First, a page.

For over a decade, photographer Christopher Herwig travelled through 15 former Soviet countries on a scavenger hunt for one specific form of architecture: the common bus stop. Although unremarkable in most cities, the waiting stations Herwig found and captured were far from quotidian, standing as unique sculptural works. His forthcoming book Soviet Bus Stops compiles these images in a 192-page tome — an expanded version of the same, limited-edition title he released last year through Kickstarter. Designed by individual architects, each bus stop proffers a glimpse of the artistry that still flourished in an era when uniformity was imposed and creativity was often suppressed.
The results are highly geometric, puncturing the often-barren surrounding landscapes with grandiose curves and exaggerated angles. Many still retained at least some hint of their original vivid coloring when Herwig shot them, making them especially whimsical structures on shabby dirt roads.
One bus stop in Gagra, in the disputed region of Abkhazia, rises gracefully from gray concrete like a wave to form a shelter composed of undulating layers, each covered in mosaics. Another in Uralsk, in northwestern Kazakhstan, resembles a single-room house, complete with a blue doorframe, large pane-less windows, and even a chimney-like shaft decorated with polka dots. Some even cater more to style and less to function: a bus stop in Pitsunda, Abkhazia, doesn’t feature any benches but flaunts an intricate wall of mosaics and a striking, brutalist overhang that recalls the spines of a sea urchin. It offers commuters no shelter, either, like another one in Karakol, Kyrgyzstan, which is dominated by a sculpture of a plump bird.
Herwig’s journey, which covered over 18,000 miles through countries including Armenia, Georgia, Estonia, and Latvia, began in 2002, when he noticed the creative bus stops on a bike ride from London to St. Petersburg. With his interest piqued, he began intentionally seeking out more, searching blogs for clues, speaking with bus drivers, and even roaming landscapes on Google Earth. He even managed to track down some of the artists and architects behind these eye-catching structures and spoke with some, although these conversations are unfortunately not included in the book. They include interviews with Zurab Tsereteli, a Georgian-Russian artist who is currently president of the Russian Academy of Arts, and Armen Sardarov, a Belarusian architect who has designed over 100 bus stops.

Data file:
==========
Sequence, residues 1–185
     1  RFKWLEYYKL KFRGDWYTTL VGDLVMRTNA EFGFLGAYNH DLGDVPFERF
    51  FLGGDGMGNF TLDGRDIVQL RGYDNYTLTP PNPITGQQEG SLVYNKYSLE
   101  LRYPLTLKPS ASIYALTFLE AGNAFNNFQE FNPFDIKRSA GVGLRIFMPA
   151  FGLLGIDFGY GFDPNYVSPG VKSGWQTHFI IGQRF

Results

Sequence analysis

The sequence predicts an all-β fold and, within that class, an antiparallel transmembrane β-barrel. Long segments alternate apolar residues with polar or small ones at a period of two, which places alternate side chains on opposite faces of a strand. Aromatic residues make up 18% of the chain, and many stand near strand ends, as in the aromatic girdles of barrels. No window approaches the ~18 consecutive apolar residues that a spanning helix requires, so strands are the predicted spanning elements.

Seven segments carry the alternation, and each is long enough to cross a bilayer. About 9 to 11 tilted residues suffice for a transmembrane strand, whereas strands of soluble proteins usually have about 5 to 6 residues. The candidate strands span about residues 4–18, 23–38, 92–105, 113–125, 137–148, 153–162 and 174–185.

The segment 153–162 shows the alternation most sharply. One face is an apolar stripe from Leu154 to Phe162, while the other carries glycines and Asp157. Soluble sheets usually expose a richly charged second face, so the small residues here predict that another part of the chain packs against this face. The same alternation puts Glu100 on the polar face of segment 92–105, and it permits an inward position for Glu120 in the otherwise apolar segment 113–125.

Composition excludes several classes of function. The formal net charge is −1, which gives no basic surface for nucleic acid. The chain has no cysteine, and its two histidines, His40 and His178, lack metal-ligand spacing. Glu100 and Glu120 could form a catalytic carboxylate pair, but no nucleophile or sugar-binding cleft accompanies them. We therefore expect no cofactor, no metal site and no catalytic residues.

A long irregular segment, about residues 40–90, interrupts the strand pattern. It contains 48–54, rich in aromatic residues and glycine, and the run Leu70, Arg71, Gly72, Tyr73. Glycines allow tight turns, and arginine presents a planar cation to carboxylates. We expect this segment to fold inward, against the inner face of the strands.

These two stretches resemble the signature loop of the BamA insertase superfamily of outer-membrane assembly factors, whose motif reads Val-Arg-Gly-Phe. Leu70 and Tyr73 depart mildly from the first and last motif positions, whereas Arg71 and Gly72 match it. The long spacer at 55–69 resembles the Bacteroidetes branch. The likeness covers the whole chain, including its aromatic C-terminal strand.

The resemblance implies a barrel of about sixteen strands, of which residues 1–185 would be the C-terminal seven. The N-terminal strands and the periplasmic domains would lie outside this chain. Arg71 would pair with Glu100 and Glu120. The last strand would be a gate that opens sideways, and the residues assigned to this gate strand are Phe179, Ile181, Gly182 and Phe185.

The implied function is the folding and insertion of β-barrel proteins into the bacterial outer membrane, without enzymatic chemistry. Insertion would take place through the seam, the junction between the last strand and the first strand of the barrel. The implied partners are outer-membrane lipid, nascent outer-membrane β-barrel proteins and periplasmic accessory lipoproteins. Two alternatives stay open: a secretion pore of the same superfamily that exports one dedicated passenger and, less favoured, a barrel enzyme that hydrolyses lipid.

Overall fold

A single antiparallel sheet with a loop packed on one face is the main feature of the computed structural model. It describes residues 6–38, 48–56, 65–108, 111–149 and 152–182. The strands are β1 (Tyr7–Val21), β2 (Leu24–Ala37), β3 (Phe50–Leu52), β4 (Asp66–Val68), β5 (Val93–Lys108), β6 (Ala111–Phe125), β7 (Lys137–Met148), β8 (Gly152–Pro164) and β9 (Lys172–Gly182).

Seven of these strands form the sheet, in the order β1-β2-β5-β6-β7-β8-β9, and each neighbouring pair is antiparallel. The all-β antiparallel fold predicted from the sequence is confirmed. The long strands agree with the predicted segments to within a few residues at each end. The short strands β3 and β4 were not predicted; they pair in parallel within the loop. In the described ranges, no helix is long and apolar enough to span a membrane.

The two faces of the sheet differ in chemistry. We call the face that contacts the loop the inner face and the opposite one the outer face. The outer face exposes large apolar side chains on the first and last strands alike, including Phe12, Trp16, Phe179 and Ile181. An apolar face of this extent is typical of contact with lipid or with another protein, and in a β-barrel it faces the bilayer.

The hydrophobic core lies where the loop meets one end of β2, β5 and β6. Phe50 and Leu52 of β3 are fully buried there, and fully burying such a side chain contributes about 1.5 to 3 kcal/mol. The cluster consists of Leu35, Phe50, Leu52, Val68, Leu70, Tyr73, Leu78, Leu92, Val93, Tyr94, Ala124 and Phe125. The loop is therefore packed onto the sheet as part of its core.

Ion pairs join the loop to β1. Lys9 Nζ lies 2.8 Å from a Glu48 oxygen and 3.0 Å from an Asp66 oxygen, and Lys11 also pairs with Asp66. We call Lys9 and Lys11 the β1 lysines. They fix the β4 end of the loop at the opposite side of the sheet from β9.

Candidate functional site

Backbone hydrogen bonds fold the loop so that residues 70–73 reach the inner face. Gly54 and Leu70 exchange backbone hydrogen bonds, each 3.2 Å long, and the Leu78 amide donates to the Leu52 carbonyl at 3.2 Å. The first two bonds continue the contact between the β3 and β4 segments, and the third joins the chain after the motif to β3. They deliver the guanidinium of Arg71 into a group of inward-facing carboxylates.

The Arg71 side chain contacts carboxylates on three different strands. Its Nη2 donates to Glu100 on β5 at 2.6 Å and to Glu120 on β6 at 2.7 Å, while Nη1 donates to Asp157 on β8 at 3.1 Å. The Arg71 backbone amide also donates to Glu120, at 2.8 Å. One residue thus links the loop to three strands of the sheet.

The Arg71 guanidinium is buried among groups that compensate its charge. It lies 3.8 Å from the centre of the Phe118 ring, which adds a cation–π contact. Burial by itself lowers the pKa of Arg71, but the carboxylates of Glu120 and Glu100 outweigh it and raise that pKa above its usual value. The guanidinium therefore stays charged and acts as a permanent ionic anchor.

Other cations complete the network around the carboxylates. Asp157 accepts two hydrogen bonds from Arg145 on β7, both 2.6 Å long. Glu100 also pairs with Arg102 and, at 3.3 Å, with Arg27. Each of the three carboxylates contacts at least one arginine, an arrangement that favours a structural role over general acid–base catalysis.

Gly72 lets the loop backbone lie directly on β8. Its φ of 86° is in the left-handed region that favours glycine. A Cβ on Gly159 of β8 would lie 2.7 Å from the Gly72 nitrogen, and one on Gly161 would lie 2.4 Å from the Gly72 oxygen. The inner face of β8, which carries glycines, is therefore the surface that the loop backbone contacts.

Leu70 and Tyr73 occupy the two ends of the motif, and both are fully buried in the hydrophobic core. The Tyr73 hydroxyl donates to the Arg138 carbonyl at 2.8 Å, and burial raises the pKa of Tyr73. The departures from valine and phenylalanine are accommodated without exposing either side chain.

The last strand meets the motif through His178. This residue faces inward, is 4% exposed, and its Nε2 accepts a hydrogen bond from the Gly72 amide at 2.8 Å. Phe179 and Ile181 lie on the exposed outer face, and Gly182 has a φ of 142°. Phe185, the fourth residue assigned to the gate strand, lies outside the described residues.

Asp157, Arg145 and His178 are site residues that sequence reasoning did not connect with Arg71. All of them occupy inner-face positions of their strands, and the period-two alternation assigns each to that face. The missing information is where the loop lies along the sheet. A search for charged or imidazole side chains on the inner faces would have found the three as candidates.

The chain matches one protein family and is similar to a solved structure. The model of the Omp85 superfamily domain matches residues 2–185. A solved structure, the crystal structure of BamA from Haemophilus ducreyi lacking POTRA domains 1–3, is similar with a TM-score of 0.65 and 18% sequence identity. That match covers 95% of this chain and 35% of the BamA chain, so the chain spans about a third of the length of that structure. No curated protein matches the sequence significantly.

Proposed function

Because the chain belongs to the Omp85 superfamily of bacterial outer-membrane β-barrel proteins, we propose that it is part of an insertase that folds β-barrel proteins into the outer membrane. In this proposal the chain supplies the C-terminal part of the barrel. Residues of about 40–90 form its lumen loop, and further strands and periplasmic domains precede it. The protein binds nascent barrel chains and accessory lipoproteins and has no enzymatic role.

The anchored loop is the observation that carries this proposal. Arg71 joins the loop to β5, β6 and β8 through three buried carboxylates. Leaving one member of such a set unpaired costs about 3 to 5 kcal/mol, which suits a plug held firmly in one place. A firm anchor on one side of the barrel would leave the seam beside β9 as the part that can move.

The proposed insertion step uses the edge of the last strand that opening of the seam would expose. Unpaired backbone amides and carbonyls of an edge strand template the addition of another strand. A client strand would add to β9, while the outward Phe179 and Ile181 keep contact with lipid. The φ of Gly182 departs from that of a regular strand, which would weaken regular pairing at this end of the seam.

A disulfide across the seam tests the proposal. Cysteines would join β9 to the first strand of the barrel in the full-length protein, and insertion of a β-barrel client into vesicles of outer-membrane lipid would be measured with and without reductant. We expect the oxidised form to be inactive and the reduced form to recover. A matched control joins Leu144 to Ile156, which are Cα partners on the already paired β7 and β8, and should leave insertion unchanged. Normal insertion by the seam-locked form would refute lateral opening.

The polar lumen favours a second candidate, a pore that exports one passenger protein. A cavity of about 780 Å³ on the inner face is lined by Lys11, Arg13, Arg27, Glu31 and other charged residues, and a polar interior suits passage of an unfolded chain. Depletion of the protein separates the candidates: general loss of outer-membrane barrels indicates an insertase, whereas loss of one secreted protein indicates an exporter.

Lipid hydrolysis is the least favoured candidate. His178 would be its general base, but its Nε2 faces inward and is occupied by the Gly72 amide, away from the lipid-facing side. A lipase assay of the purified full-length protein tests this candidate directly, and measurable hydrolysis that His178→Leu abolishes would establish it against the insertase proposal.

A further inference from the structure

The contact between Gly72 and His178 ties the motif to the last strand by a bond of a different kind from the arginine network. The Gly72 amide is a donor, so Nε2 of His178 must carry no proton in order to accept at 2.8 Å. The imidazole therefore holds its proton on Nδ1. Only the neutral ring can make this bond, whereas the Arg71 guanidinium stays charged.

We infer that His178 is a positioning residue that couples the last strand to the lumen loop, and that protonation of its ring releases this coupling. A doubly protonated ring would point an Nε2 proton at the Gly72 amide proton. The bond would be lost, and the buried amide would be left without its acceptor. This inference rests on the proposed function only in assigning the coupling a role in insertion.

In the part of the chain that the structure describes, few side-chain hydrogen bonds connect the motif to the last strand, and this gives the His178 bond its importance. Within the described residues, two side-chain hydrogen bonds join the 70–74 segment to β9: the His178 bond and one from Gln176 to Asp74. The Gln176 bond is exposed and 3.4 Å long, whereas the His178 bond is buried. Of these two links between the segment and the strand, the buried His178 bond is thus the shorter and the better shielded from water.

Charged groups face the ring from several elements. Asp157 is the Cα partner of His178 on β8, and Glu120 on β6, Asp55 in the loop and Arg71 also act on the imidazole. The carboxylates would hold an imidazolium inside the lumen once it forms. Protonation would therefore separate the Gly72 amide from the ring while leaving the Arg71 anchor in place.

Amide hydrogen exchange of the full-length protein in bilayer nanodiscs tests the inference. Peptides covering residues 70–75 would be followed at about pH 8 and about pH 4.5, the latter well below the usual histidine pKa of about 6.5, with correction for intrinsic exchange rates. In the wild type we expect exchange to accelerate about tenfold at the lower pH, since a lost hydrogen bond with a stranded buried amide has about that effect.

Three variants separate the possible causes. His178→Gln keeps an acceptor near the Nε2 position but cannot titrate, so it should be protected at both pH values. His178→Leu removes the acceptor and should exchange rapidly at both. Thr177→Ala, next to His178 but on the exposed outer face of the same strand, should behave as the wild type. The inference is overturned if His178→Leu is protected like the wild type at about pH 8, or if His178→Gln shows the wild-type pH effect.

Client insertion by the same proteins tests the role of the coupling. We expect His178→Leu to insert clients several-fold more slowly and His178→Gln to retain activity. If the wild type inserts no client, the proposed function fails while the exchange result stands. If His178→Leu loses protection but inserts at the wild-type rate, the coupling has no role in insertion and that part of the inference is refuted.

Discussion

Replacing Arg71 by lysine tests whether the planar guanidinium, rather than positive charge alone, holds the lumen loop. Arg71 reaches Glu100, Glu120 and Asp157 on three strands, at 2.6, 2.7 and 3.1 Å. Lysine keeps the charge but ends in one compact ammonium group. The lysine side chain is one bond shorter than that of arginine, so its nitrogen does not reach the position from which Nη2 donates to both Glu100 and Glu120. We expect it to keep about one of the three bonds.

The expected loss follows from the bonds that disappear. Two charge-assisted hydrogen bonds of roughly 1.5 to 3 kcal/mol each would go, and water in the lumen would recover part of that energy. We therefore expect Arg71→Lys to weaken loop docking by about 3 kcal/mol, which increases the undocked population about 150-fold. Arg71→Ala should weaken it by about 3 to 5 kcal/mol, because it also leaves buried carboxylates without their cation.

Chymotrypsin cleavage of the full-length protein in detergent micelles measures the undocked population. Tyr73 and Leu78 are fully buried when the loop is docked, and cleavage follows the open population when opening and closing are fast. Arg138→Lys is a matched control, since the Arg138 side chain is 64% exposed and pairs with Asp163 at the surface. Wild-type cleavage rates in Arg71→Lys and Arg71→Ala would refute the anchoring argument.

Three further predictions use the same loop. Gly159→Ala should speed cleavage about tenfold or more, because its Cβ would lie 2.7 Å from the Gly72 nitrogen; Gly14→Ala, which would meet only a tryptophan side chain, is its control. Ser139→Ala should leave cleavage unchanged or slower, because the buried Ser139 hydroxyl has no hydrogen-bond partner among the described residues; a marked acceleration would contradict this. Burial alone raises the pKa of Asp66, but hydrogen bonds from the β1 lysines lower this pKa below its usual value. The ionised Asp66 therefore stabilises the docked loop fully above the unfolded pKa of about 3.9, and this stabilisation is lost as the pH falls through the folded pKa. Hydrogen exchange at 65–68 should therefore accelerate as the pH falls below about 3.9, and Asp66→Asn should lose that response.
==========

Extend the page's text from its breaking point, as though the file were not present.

“Totalitarian regime, yes, it is bad and so on,” Sardarov told Herwig, “But for all that, there sprang up some sprouts of a real culture. Now [the stops] are mostly killed by mass culture because mass culture is a commercial culture.”
Soviet Bus Stops is, therefore, as much an endeavor to immortalize these gradually disappearing architectural gems as it is a means to showcase the creative voices of individuals who lived in the Soviet Union.
“Most of the bus stops I encountered varied greatly [with respect] to the shape they were in; most, I believe, have been removed, especially close to urban areas,” Herwig told Hyperallergic. “Some are maintained. We saw a painting crew in Belarus retouching a bus stop this year but also found several locations where a Soviet creation was torn down in the last three years and replaced with a tin shack.”
He has also seen evidence in many areas of people repainting or trying to recreate murals on old bus stops. In Belarus, local officials in the 1980s actually began commissioning artists to retouch the murals in these old waiting areas, which photographer Alexander Soldatova captured in her series It Must Be Beautiful. Like Herwig’s, her book shows local artists’ attempts to introduce some whimsy to functional structures accessible to and regularly used by all, bringing an unexpected touch of art directly to the people.